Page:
It's a deceptively complex mathematical conundrum. You have 5, 10, or 20 destinations you want to batch together into a road trip. You need to find the fastest and/or most efficient - i.e. optimal - between them, geographically-speaking.

Our brains work so fast, so effectively, we barely notice the actual difficulty in computing a result. One which we may never find the absolute answer to.

It's what's known in data science terms as the Traveling Salesman Problem, studied in the 1930s, and most simply defined as:

A salesman must travel between N cities. The order in which he does so is something he does not care about, as long as he visits each once during his trip, and finishes where he was at first.

Or, in academic-speak:

"Given a finite number of "cities" along with the cost of travel between each pair of them, find the cheapest way of visiting all the cities and returning to your starting point."

Best Guess: Heuristics & Meta-Heuristics

Broadly-speaking, the TSP is one of many different variants of the Shortest Path Problem, and has a rich history which has captivated mathematicians for a long, long time. It's so complex, it's unlikely to ever be solved acceptably or in an absolute way.

As an example of a PvsNP problem, the issue is one of polynomial time and being NP-complete. In ordinary terms, it means you means you need to be able to solve it properly in a reasonable amount of time - not the time it takes for the universe to end. All of these types of maths problems aim to optimise a process.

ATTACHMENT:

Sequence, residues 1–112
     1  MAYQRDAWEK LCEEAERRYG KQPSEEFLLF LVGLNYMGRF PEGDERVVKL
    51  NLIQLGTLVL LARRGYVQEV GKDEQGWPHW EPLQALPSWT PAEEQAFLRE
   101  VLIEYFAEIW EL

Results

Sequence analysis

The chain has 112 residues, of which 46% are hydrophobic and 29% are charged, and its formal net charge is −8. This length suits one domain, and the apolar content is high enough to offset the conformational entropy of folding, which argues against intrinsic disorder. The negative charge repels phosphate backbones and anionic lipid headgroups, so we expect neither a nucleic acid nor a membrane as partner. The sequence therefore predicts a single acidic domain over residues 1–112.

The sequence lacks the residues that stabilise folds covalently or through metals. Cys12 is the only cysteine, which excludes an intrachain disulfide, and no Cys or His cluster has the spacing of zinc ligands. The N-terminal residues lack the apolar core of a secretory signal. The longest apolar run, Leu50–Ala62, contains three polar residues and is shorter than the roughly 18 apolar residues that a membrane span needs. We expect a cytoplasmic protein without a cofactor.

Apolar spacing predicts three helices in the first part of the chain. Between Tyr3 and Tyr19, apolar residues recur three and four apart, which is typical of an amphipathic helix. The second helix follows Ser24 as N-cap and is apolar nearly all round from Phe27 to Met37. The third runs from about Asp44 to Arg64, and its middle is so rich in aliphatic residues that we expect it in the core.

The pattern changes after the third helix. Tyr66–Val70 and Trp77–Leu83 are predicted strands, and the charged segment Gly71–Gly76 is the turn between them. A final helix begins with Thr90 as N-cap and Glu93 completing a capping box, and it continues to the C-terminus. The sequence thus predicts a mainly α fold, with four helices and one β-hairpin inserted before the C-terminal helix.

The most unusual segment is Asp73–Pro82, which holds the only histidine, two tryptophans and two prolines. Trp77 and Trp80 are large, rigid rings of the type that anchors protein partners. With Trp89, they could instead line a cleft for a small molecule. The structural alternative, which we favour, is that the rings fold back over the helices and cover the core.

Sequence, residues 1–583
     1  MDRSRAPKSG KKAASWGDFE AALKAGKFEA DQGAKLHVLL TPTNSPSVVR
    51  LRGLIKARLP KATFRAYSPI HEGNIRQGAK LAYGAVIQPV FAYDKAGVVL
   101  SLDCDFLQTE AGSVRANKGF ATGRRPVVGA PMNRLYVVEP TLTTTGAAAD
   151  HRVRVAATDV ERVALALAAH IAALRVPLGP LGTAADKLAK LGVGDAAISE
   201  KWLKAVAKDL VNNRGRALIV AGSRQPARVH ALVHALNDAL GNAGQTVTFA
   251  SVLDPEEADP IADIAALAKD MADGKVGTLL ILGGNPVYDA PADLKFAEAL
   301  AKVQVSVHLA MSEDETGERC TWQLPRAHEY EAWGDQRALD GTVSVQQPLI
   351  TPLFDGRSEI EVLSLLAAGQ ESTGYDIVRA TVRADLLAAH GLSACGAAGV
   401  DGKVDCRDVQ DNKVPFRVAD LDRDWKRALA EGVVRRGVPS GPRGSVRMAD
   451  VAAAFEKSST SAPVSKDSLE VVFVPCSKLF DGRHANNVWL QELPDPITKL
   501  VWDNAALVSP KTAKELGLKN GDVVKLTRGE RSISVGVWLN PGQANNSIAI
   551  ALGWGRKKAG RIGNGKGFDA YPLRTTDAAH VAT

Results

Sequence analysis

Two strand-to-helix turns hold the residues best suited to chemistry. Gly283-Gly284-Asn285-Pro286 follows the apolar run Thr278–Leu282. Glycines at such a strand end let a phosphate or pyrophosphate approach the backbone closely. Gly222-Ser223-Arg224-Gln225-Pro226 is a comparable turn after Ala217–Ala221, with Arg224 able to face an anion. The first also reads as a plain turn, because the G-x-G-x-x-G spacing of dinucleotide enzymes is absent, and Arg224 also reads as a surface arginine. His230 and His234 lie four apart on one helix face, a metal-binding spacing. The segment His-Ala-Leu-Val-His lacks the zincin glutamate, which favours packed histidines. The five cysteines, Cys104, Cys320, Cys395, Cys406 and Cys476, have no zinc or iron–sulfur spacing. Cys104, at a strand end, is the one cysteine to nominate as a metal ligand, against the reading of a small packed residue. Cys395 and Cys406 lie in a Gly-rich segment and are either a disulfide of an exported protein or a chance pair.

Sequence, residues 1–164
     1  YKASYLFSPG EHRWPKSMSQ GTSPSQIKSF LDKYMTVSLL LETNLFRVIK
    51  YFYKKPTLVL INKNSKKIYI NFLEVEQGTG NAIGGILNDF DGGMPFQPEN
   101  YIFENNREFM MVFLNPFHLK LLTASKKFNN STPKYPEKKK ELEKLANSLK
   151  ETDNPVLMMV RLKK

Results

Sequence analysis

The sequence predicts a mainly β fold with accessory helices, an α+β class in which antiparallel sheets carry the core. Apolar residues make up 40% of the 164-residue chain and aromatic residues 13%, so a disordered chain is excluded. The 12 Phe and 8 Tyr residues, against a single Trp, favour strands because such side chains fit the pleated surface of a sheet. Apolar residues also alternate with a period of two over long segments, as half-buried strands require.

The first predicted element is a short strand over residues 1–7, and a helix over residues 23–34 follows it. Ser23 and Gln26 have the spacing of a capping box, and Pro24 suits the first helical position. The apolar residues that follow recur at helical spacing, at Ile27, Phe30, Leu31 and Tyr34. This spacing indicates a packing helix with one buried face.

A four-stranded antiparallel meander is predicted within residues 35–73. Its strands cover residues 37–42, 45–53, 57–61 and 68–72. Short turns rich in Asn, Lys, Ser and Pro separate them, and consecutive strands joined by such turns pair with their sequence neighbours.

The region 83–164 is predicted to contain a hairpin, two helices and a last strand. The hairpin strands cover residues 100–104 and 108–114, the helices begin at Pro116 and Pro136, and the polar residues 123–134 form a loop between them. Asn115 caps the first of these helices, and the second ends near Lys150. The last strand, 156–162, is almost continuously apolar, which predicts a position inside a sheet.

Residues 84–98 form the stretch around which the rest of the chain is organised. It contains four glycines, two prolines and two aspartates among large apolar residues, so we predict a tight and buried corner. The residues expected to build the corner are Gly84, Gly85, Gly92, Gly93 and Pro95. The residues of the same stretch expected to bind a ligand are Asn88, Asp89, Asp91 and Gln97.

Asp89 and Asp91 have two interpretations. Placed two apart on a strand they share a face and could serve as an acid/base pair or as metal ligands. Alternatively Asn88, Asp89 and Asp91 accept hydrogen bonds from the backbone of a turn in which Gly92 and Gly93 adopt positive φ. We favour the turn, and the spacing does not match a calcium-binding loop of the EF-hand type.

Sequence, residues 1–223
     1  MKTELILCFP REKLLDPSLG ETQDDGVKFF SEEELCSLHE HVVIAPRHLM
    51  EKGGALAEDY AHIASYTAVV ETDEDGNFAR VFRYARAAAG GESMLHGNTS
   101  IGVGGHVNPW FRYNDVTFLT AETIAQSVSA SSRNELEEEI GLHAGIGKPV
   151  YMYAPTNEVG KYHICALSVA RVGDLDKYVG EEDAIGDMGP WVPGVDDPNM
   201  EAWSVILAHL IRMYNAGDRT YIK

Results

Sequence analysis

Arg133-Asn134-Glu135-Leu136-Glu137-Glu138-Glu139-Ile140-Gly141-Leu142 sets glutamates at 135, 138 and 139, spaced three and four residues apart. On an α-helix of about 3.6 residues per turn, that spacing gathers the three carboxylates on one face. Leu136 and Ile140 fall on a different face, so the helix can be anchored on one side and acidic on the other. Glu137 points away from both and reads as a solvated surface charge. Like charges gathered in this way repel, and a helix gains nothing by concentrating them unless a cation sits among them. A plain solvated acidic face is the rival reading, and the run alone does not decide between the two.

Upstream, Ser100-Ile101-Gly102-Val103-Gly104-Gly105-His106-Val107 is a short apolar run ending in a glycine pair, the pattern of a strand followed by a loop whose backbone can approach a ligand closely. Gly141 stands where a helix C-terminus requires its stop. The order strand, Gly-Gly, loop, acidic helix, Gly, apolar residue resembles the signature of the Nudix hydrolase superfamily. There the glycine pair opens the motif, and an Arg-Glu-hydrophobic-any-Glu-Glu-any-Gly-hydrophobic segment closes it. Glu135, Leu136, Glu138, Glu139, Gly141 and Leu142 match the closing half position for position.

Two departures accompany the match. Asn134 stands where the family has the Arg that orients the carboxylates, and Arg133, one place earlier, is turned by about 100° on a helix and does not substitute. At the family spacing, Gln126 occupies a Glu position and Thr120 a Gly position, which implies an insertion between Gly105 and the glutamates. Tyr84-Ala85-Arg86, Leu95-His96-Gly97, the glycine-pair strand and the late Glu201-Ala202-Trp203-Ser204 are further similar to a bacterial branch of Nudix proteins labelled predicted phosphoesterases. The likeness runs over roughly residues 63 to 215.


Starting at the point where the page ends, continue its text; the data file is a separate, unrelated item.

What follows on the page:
When we can't solve a problem absolutely, but need the best solution we can come up with, we use a heuristic. What's a heuristic?

"Any approach to problem solving or self-discovery that employs a practical method, not guaranteed to be optimal, perfect, or rational, but instead sufficient for reaching an immediate goal. Where finding an optimal solution is impossible or impractical, heuristic methods can be used to speed up the process of finding a satisfactory solution."

The process of attempting to find one, involving the concept of a meta-heuristic. What's one of those?

"A higher-level procedure or heuristic designed to find, generate, or select a heuristic (partial search algorithm) that may provide a sufficiently good solution to an optimization problem, especially with incomplete or imperfect information or limited computation capacity."

Model Prototype A: Traveling All Contiguous US States

The most extensively debated invocation of said problem, in contemporary terms, is the best way to travel to each of the 48 contiguous US states (excluding Alaska and Hawaii). It could be Europe, or any other continent; it just happens, despite being a British problem, it's been best-studied in North America.

It was formulated as a computer science problem by Dantzig, Fulkerson and Johnson in 1954.

For anyone researching the problem-set, one of the best resources is hosted by the University of Waterloo (Canada), who published their methodology using US geological data which defines 115,475 towns and cities in the United States. They even published a leader board of challengers who attempted the best calculation.

Population heat map of the US.

According to Waterloo, a walk across all 49,603 sites would be 217,605 miles:

Iteration: Dijkstra's Shortest Path

In 1956, Edsger W. Dijkstra came up with his solution to the Shortest Path problem, as the field had started to form the domain of Graph Theory.

In academic's terms: